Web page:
Your financial `planner' may be giving loaded advice
As they wade through their tax forms, people may be thinking that now is the time to get their financial houses in order. After they've seen how much tax they'll have to pay, how their investments have performed, and how well they're planning for retirement, they may decide to get some help. Finding qualified financial advice can be difficult. But finding unbiased qualified financial guidance is much harder. At a time when even stockbrokers are calling themselves ``financial consultants,'' it's hard to tell the difference between who's selling a plan and who's selling a product that carries a fat commission.
In a report on the financial planning business last year, the Securities and Exchange Commission (SEC) suggested Congress take a look at ways to distinguish planners who simply charge fees and those who have a vested interest in the financial products and investments they recommend.
But any real action on that front is probably ``25,000 years down the road,'' jokes Kim Arfman, spokeswoman for the International Association for Financial Planning.
Assuming you can't wait that long, you should learn the differences among planners on your own.
The financial planning profession grew out of several disciplines, including insurance, brokerage, tax law, and accounting. Often the practitioners in one of these fields were asked to give advice that touched on another. Seeing an opportunity, many of them started to become familiar with other fields, wrapped up all their recommendations in a package that covered a lifetime of financial needs, and called themselves financial planners.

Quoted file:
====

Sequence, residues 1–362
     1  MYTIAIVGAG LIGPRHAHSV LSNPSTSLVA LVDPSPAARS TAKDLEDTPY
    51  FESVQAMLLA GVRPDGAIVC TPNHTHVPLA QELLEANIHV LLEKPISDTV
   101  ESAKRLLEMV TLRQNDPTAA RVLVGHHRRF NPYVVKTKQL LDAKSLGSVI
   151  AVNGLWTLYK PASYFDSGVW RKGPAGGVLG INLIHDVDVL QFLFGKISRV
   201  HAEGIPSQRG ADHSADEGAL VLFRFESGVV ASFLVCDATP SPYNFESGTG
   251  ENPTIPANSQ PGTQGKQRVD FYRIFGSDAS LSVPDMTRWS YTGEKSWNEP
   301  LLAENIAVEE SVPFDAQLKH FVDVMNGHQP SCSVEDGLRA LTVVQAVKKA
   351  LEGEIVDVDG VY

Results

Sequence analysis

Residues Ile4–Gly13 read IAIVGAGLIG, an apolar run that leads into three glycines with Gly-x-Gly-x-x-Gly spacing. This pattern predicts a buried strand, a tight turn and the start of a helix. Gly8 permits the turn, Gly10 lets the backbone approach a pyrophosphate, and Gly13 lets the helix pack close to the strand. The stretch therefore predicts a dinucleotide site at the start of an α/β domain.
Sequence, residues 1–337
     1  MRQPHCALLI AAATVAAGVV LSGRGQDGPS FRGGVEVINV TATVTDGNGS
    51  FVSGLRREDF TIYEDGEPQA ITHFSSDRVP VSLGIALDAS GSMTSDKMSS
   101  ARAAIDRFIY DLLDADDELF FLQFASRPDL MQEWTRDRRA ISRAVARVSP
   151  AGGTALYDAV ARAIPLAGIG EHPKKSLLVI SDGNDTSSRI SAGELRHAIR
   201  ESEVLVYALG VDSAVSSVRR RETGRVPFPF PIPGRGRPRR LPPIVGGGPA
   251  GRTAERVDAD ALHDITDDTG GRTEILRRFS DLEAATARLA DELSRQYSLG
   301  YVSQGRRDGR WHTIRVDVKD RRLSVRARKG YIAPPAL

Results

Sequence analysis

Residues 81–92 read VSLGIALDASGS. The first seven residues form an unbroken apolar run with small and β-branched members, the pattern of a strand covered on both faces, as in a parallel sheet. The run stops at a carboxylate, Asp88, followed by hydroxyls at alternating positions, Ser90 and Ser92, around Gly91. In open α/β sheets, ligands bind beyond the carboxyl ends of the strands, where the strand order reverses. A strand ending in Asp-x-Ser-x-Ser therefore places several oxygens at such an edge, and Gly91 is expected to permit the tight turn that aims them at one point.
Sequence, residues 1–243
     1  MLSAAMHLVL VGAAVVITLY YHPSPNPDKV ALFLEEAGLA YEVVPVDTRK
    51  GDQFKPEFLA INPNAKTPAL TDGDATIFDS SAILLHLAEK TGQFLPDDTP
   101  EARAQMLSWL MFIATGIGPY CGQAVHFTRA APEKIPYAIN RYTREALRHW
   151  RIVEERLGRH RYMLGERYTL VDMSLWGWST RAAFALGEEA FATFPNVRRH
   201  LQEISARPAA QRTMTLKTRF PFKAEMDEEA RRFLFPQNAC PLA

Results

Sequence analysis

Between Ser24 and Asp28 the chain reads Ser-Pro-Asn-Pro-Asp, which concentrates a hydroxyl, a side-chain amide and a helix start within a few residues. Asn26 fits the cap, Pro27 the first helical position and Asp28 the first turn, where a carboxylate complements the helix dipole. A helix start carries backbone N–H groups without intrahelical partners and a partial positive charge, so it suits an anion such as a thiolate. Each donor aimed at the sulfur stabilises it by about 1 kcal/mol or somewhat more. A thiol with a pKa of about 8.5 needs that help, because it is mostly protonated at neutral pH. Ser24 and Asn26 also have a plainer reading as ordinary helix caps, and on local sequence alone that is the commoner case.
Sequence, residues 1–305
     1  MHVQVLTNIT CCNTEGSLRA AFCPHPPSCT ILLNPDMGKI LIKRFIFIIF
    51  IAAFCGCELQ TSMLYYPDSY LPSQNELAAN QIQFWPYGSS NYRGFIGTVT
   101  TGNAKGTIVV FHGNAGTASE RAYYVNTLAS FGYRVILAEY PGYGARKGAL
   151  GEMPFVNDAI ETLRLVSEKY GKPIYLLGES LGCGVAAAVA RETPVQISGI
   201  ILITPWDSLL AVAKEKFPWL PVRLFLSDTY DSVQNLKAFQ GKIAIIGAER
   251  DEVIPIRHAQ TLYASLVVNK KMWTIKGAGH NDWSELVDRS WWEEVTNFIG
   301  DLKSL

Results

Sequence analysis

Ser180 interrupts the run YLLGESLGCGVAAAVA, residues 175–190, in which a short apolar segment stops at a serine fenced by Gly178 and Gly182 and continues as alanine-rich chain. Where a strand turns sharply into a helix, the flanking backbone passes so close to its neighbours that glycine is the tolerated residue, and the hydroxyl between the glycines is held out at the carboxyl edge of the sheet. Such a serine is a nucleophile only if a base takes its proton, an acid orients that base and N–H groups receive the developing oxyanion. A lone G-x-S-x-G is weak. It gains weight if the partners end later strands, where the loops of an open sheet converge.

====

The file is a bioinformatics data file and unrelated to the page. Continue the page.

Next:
Some planners don't even have that much background; in this unregulated business, anyone can call himself a financial planner. If he gives investment advice, he must register as an ``investment adviser'' with the SEC, but there are no education reqirements for this.
The Consumer Federation says only about 10 percent of those who call themselves planners have completed a course of study like that offered by the College for Financial Planning in Denver, the American College in Bryn Mawr, Penn., or one of several other colleges offering a financial planning curriculum.
In many cases, the planner's original profession has often dominated the advice: Stockbrokers tend to recommend plans that include a generous helping of stocks or other brokerage products, while clients of insurance agents often end up with more insurance policies.
While many people can invest successfully in stocks with some professional guidance, and many others are often underinsured, these needs are too often met with portfolios or policies that carry fairly high commissions, while customers could find low-load or no-load products on their own.
No one knows exactly how many planners there are, but the Consumer Federation of America last year said it found approximately 400,000 individuals listed in the yellow pages of telephone books around the United States.